In 1957, however, in Roth v. United States,[29] the Supreme Court confronted squarely the tension between the regulation of what was alleged to be obscene and the constraints of the First Amendment. After Roth, it is not simply the form of regulation that immunizes a prosecution from the First Amendment. The Court made clear in Roth, and even clearer in subsequent cases,[30] that the simple designation of a prosecution as one for obscenity does not cause the First Amendment considerations to drop out. If the particular materials prosecuted are themselves protected by the First Amendment, the prosecution is impermissible. After Roth mere labels could not be used to justify restricting the protected, and mere labels could not justify circumventing the protections of the First Amendment.

But the Supreme Court also made clear in Roth that some materials were themselves outside of the coverage of the First Amendment, and that obscenity, carefully delineated, could be considered as "utterly without redeeming social importance." As a result, the Court concluded, obscene materials were not the kind of speech or press included within the First Amendment, and could thus be regulated without the kind of overwhelming evidence of harm that would be necessary if materials of this variety were included within the scope of the First Amendment. But to the Court in Roth, that scope was limited to material containing ideas. All ideas, even the unorthodox, even the controversial, and even the hateful, were within the scope of the First Amendment. But if there were no ideas with "even the slightest redeeming social importance," then such material could be taken to be not speech in the relevant sense at all, and therefore outside of the realm of the First Amendment.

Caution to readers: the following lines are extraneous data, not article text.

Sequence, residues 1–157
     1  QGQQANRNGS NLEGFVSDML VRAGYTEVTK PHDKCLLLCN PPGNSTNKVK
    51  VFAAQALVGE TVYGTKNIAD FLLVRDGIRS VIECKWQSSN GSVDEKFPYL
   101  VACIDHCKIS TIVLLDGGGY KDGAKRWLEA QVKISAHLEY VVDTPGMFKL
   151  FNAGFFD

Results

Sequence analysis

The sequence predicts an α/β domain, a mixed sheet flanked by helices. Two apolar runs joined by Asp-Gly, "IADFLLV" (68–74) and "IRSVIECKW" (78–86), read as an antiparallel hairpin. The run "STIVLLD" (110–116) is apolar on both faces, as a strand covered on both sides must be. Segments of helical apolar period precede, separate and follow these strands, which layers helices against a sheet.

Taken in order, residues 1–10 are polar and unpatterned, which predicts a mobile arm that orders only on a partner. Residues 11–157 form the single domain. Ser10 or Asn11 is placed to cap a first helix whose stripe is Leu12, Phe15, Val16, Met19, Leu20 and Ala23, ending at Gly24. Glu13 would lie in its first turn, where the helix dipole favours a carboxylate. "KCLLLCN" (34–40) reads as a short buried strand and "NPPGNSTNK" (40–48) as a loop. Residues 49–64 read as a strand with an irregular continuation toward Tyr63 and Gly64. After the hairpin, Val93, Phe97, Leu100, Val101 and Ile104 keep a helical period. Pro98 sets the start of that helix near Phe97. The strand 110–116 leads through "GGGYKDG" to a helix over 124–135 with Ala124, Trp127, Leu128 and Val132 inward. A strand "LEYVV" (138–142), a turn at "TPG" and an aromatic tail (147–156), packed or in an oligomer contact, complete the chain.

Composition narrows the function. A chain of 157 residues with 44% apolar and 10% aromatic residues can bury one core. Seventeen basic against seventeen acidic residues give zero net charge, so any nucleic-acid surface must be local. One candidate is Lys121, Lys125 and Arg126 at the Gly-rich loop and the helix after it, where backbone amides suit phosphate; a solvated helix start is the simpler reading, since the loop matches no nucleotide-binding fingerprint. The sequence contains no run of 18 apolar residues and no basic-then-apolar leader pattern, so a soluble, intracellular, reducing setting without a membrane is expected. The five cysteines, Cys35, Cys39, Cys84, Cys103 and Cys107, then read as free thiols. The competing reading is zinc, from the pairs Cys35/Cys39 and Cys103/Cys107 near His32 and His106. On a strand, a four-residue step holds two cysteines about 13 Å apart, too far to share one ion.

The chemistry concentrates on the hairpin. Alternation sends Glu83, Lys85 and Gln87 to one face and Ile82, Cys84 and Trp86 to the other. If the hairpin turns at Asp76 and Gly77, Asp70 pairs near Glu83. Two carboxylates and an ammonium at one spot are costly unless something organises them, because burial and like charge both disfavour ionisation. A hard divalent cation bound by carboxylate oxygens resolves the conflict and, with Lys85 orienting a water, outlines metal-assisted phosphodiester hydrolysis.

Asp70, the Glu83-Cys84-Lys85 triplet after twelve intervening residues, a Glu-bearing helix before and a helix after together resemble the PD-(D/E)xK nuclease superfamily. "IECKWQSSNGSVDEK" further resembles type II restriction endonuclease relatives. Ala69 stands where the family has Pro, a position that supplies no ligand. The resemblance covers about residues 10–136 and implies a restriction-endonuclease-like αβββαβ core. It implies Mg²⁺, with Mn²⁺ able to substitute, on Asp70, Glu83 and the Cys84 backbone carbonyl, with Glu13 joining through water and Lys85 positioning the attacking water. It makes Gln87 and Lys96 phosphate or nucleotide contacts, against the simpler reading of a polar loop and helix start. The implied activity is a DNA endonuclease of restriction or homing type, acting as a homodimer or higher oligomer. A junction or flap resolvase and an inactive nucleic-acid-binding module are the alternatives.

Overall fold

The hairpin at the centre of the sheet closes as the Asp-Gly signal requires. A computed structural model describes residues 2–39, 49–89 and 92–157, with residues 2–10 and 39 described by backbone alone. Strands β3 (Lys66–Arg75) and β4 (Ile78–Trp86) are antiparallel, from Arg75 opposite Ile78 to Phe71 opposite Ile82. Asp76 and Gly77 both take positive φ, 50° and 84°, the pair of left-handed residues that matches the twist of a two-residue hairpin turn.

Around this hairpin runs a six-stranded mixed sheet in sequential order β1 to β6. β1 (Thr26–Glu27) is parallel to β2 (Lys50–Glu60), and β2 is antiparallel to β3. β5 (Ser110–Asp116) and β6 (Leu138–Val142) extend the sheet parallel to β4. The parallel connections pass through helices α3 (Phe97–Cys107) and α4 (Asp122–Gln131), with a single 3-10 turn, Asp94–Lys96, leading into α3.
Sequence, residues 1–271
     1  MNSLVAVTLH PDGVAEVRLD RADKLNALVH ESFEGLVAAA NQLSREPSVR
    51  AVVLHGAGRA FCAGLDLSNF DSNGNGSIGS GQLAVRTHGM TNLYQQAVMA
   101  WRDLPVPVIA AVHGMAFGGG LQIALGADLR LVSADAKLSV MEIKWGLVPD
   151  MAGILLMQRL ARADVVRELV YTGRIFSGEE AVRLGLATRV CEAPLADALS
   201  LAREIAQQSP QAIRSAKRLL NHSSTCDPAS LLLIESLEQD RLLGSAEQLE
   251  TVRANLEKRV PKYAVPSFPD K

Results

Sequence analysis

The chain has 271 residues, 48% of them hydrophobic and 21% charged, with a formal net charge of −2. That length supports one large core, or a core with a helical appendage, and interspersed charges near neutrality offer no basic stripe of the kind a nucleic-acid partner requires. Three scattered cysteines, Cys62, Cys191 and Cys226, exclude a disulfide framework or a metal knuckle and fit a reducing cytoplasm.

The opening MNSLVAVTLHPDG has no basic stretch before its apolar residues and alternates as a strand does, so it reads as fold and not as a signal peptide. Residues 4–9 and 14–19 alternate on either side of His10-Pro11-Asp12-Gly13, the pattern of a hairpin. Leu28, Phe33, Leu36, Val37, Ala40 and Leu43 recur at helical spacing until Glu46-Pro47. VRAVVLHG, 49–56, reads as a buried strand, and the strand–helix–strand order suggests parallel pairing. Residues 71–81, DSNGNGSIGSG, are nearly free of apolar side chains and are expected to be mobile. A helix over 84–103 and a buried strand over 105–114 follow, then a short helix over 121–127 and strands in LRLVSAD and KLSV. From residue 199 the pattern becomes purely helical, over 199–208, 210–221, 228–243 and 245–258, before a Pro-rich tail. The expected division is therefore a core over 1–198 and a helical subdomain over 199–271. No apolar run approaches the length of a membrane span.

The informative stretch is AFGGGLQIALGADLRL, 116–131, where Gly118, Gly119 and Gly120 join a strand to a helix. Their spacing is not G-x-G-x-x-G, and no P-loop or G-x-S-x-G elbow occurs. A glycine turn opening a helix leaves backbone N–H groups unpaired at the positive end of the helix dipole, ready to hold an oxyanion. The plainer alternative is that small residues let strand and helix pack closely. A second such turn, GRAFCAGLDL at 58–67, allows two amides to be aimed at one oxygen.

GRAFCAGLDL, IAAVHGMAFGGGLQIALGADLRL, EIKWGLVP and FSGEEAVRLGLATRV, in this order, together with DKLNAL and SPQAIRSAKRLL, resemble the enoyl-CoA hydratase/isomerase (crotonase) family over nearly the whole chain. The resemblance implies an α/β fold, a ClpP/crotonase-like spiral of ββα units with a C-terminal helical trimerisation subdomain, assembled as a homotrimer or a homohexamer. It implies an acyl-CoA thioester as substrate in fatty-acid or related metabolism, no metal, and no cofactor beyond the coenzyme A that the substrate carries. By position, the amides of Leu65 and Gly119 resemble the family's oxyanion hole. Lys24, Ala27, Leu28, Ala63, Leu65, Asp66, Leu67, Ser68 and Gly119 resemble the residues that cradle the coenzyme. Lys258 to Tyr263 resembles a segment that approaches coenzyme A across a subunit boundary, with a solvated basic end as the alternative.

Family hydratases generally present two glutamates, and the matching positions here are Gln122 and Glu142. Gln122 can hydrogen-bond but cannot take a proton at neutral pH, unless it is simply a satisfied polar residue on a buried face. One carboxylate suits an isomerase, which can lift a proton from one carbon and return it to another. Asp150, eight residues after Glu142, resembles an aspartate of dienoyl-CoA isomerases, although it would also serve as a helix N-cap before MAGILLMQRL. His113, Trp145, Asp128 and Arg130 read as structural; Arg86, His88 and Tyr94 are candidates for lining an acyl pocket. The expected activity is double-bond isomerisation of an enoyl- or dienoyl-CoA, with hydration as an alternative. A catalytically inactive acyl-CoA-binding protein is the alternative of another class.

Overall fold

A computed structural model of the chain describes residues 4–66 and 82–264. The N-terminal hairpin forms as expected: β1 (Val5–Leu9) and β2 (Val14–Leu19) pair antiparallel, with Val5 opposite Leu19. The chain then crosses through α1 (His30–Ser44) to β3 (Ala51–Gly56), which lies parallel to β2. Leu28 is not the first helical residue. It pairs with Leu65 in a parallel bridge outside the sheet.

The general Roth approach to obscenity regulation has been adhered to ever since 1957, and remains still today the foundation of the somewhat more complex but nevertheless fundamentally similar treatment of obscenity by the Supreme Court. This treatment involves two major principles. The first, reiterated repeatedly and explained most thoroughly in Paris Adult Theatre I v. Slaton,[31] is the principle that legal obscenity is treated as being either not speech at all, or at least not the kind of speech that is within the purview of any of the diverse aims and principles of the First Amendment. As a result, legal obscenity may be regulated by the states and by the federal government without having to meet the especially stringent standards of justification, often generalized as a "clear and present danger," and occasionally as a "compelling interest," that would be applicable to speech, including a great deal of sexually oriented or sexually explicit speech, that is within the aims and principles of the First Amendment. Instead, legal obscenity may constitutionally be regulated as long as there exists merely a "rational basis" for the regulation, a standard undoubtedly drastically less stringent than the standard of "clear and present danger" or "compelling interest."